Hemispheric mapping of secondary somatosensory cortex in the rat.

J Neurophysiol 2007 Jan 27;97(1):200-7. Epub 2006 Sep 27.

Department of Psychology, University of Colorado, Campus Box 345, Boulder, CO 80309-0345, USA.

This study used high-resolution hemispheric mapping of somatosensory evoked potentials to determine the number and organization of secondary somatosensory areas (SII) in rat cortex. Two areas, referred to as SII and PV (parietoventral), revealed complete (SII) or nearly complete (PV) body maps. The vibrissa and somatic representation of SII was upright, rostrally oriented, and immediately lateral to primary somatosensory cortex (SI), with a dominant face representation. Vibrissa representations in SII were highly organized, with the rows staggered rostrally along the mediolateral axis. Area PV was approximately one fifth the size of SII, and located rostral and lateral to auditory cortex. PV had a rostrally oriented and inverted body representation that was dominated by the distal extremities, with little representation of the face or vibrissae. These data support the conclusion that in the rat, as in other species, SII and PV represent anatomically and functionally distinct areas of secondary somatosensory cortex.
View Article and Find Full Text PDF

Download full-text PDF

Source
http://dx.doi.org/10.1152/jn.00673.2006DOI Listing
January 2007

Two-dimensional coincidence detection in the vibrissa/barrel field.

J Neurophysiol 2006 Oct 21;96(4):1981-90. Epub 2006 Jun 21.

Department of Psychology, University of Colorado, Boulder, CO 80309-0345, USA.

Coincidence detection in visual and auditory cortex may also be critical for feature analysis in somatosensory cortex. We examined its role in the rat posteromedial barrel subfield (PMBSF) using high-resolution arrays of epipial electrodes. Five vibrissae, forming an arc, row, or diagonal, were simultaneously or asynchronously stimulated to simulate contact with a straight edge of different angles at natural whisking velocities. Results indicated supralinear responses for both slow-wave and fast oscillations (FOs, about 350 Hz) at intervibrissa delays <2 ms. FO represented the earliest and most precisely tuned response to coincident vibrissa displacement. There was little difference in the spatiotemporal pattern of slow-wave or FO responses in the row, arc, or diagonal. This equivalence of function suggests that the PMBSF may be capable of working as a two-dimensional integrative array, processing spatial features based on coincidence detection despite the direction that the vibrissae pass across an object.
View Article and Find Full Text PDF

Download full-text PDF

Source
http://dx.doi.org/10.1152/jn.00404.2006DOI Listing
October 2006

Temporal patterns of field potentials in vibrissa/barrel cortex reveal stimulus orientation and shape.

J Neurophysiol 2006 Apr 4;95(4):2242-51. Epub 2006 Jan 4.

Department of Psychology, University of Colorado, Boulder, CO 80309-0345, USA.

During environmental exploration, rats rhythmically whisk their vibrissae along the rostrocaudal axis. Each forward extension of the vibrissa array establishes rapid spatiotemporal contact with an object under investigation. This contact presumably produces equally rapid spatiotemporal patterns of population responses in the vibrissa representation of somatosensory cortex [the posterior medial barrel subfield (PMBSF)] reflecting features of a stimulus. We used extracellular mapping to identify object features based on spatiotemporal patterns of evoked potentials. Spatiotemporal modeling of evoked potential patterns accurately reconstructed linear versus curved stimuli and detected orientation changes as small as 5 degrees. Whiskers forming arcs in the PMBSF, essential for this reconstruction, may represent a fundamental processing module. We propose that the PMBSF may function as a spatial frequency analyzer, with intrarow processing integrating a complementary set of spatial frequencies from the arcs in a single whisk.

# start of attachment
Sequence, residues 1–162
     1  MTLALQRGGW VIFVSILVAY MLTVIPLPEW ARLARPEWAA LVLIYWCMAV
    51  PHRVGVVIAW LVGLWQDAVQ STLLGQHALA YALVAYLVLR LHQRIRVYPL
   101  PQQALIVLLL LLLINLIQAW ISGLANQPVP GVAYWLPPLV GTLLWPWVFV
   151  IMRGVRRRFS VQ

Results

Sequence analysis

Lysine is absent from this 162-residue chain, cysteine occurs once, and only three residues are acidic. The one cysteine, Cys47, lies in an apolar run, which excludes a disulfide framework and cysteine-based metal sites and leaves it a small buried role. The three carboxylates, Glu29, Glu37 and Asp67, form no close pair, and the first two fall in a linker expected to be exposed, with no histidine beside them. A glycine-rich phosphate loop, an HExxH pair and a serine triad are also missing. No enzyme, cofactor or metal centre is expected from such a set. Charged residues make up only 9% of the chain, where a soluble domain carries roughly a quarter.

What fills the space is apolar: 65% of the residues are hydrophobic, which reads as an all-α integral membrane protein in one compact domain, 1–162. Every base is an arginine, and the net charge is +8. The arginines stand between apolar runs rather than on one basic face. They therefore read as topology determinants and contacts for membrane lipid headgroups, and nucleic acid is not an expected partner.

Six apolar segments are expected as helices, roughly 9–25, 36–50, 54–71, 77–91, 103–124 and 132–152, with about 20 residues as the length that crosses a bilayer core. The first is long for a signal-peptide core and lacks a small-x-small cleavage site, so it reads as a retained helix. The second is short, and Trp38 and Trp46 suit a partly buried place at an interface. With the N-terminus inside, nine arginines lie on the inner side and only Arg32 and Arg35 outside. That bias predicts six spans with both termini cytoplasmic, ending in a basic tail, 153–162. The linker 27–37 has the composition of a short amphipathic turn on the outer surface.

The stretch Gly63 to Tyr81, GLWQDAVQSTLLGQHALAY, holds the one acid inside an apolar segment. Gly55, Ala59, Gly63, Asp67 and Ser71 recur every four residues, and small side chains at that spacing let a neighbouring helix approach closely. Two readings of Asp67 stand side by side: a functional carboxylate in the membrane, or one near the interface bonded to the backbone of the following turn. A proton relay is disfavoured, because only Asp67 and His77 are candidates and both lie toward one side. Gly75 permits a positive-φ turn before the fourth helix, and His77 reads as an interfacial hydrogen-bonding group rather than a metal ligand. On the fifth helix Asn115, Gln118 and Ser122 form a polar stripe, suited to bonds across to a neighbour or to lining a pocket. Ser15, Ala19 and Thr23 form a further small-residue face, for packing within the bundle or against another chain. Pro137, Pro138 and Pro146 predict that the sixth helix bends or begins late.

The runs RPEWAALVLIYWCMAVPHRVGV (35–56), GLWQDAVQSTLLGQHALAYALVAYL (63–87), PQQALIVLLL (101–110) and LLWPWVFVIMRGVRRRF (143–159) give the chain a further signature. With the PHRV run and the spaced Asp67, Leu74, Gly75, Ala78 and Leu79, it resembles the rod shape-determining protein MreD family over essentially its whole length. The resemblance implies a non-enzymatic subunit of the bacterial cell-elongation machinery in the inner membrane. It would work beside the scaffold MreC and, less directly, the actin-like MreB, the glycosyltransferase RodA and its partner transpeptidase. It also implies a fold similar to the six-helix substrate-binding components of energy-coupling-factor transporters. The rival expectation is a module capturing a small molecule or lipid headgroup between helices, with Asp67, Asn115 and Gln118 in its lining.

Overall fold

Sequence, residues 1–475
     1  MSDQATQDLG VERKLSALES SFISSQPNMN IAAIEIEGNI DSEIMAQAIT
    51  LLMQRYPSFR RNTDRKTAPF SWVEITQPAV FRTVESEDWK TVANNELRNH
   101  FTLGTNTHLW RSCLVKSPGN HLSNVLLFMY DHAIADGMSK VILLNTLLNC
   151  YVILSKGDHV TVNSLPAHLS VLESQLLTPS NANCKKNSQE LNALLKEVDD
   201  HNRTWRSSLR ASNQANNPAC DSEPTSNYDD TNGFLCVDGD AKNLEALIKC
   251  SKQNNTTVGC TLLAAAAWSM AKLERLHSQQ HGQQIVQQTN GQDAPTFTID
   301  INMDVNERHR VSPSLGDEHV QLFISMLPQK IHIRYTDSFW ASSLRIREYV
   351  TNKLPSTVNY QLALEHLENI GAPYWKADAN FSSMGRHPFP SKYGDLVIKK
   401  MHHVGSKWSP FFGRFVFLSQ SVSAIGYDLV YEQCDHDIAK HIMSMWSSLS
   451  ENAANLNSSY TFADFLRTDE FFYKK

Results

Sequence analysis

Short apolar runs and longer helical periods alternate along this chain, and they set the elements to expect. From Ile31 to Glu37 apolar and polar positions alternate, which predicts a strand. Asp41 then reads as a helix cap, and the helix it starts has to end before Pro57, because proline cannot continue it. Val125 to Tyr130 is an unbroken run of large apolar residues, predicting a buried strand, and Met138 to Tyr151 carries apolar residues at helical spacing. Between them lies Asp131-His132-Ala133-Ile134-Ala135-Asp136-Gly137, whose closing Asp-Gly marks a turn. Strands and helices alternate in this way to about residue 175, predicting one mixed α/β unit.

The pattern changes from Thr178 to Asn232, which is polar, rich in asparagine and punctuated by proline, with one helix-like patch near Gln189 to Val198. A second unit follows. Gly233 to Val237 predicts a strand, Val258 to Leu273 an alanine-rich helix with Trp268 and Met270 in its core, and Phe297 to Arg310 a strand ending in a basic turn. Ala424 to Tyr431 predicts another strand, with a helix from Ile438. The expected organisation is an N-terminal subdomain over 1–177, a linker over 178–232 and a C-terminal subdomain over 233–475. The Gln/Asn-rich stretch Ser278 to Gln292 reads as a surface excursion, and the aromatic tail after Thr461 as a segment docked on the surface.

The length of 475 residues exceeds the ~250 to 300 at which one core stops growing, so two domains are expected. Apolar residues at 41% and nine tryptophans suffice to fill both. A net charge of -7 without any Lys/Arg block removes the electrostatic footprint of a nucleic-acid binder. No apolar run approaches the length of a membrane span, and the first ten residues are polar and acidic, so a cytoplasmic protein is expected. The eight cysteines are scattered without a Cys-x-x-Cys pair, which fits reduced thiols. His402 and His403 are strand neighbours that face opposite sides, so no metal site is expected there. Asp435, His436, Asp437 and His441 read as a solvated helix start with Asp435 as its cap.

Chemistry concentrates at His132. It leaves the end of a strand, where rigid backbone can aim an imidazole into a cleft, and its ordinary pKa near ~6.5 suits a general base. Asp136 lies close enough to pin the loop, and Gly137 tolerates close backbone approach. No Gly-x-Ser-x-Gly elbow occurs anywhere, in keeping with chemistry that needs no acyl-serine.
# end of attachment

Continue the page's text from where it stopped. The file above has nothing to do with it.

View Article and Find Full Text PDF

Download full-text PDF

Source
http://dx.doi.org/10.1152/jn.01034.2005DOI Listing
April 2006

Intracortical pathways mediate nonlinear fast oscillation (>200 Hz) interactions within rat barrel cortex.

J Neurophysiol 2005 May 8;93(5):2934-9. Epub 2004 Dec 8.

Department of Psychology, University of Colorado, UCB 345, Boulder, CO 80309-0345, USA.

Whisker evoked fast oscillations (FOs; >200 Hz) within the rodent posteromedial barrel subfield are thought to reflect very rapid integration of multiwhisker stimuli, yet the pathways mediating FO interactions remain unclear and may involve interactions within thalamus and/or cortex. In the present study using anesthetized rats, a cortical incision was made between sites representing the stimulated whiskers to determine how intracortical networks contributed to patterns of FOs. With cortex intact, simultaneous stimulation of a pair of whiskers aligned in a row evoked supralinear responses between sites separated by several millimeters. In contrast, stimulation of a nonadjacent pair of whiskers within an arc evoked FOs with no evidence for nonlinear interactions. However, stimulation of an adjacent pair of whiskers in an arc did evoke supralinear responses. After a cortical cut, supralinear interactions associated with FOs within a row were lost. These data indicate a distinct bias for stronger long-range connectivity that extends along barrel rows and that horizontal intracortical pathways exclusively mediate FO-related integration of tactile information.
View Article and Find Full Text PDF

Download full-text PDF

Source
http://dx.doi.org/10.1152/jn.01101.2004DOI Listing
May 2005